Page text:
Mining ventures often have significant impacts on the basic rights and livelihoods of indigenous peoples. Around the world, oil and mining operations have a disproportionately negative impact on women, who suffer greater exposure to contaminated land and water, and experience the consequences of social problems such as community displacement, domestic violence and alcoholism that these industries too often engender. For instance, a recent health study by Physicians for Human Rights found elevated levels of potentially toxic metals in the blood and urine of people living near the Marlin site.

As Guatemala builds a post-conflict society that fully respects the rights of all of its citizens, it is essential to make economic development decisions with the full participation of everyone who is impacted by these decisions. Many women have been particularly active in voicing their concerns about mining operations. We ask that government authorities ensure that these women and all human rights activists have the freedom to speak freely and express their disagreement without fear for their lives or safety.

We urge you to continue to take action to protect the rights of indigenous communities in the Marlin Mine project area and across Guatemala that may be impacted by mining operations.

Thank you for your attention to this matter. We look forward to your positive response.

Sincerely,

Betty Williams
Mairead Corrigan Maguire
Rigoberta Menchu Tum
Jody Williams
Shirin Ebadi
Wangari Maathai


Human Rights Advocates Denounce Goldcorp's New Plan to Improve Situation in Guatemala; Plan Lacks Real Action to Address Human Rights Abuses

1 July 2010

CIEL Press Release

Washington, D.C.-Human rights advocates denounced Goldcorp, Inc's plan to improve the situation at the Marlin mine in Guatemala because it allows for ongoing human rights violations.

Yesterday, Goldcorp released a new plan for implementing the recommendations made in the Human Rights Impact Assessment (HRIA) that the company commissioned in 2008. The study, conducted by Vancouver-based On Common Ground Consultants, found widespread human rights violations at the Marlin mine and called on Goldcorp to "prepare a detailed response and action plan with clear objectives and timelines to address the findings and recommendations of the assessment."

"Goldcorp's plan lacks real action," said Kristen Genovese, senior attorney at the Center for International Environmental Law. "The company fails to address the most serious recommendations from the HRIA and, in so doing, continues its pattern of denying responsibility for the harm it has caused."

The HRIA found deficiencies in the consultation and land acquisition processes, which constitute violations of indigenous rights. The violations were so severe that the HRIA recommended an immediate moratorium on all land acquisition, exploration, and expansion of the mine. Goldcorp responded by committing to additional review.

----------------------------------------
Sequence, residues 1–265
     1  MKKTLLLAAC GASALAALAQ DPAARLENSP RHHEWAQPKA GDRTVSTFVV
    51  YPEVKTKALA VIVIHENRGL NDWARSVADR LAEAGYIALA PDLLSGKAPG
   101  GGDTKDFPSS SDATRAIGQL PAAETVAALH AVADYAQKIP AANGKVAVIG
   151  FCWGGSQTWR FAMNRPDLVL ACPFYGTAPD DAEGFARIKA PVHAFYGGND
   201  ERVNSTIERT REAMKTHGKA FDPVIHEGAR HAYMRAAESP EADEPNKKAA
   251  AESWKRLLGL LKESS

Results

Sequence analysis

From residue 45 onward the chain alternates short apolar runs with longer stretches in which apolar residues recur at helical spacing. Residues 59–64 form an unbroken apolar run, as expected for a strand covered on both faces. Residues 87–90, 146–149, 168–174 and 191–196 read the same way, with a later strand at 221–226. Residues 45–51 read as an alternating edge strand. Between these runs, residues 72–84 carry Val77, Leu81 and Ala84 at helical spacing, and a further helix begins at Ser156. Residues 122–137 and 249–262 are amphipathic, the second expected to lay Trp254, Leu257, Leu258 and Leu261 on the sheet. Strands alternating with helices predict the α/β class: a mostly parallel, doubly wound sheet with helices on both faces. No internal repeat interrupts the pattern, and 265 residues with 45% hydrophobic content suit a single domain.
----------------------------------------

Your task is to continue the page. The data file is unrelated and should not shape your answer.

In response to a recommendation to investigate the firings of mine employees and support collective bargaining and freedom of association, Goldcorp said they will continue to study the recommendation itself and review different structures for an employee-based workers' association.

Goldcorp failed to address the issues of posting additional bond to cover full-closure and post-closure management costs and repairing all homes that have sustained structural damage from the mine's blasting. Advocates say that the repairs would be of nominal cost for the second-largest mining company in the world.

"Goldcorp cannot continue to hide behind the Guatemalan government nor claim there is a need for more studies," said Beth Geglia, a human rights advocate who has worked with Marlin mine affected communities since 2007. "The International Labor Organization has determined that the communities' fundamental right to prior consultation was violated, and now their own HRIA does the same. Goldcorp must halt operations."

Although Goldcorp urges "all stakeholders to participate in and contribute to" improving its business practices, it has not yet made available a Spanish translation of its implementation plan, much less a translation in Mam, the local language in the affected communities.

While Goldcorp states it will "work with the government, as appropriate, to assure that indigenous peoples are consulted with respect to our operations," the company has proceeded with the development of their other two large projects in Guatemala, the Cerro Blanco and Escobal mines (40% ownership), without prior consultation with communities.

On June 24, 2010 the Guatemalan government announced it would suspend operations at the Marlin mine in compliance with precautionary measures issued by the Inter-American Commission on Human Rights of the Organization of American States.

....

CONTACT: Alanna Sobel, (202) 789-7751

Center for International Environmental Law (CIEL) is committed to strengthening and using international law and institutions to protect the environment, promote human health, and ensure a just and sustainable society. CIEL is a non-profit organization dedicated to advocacy in the global public interest, including through legal counsel, policy research, analysis, education, training and capacity building.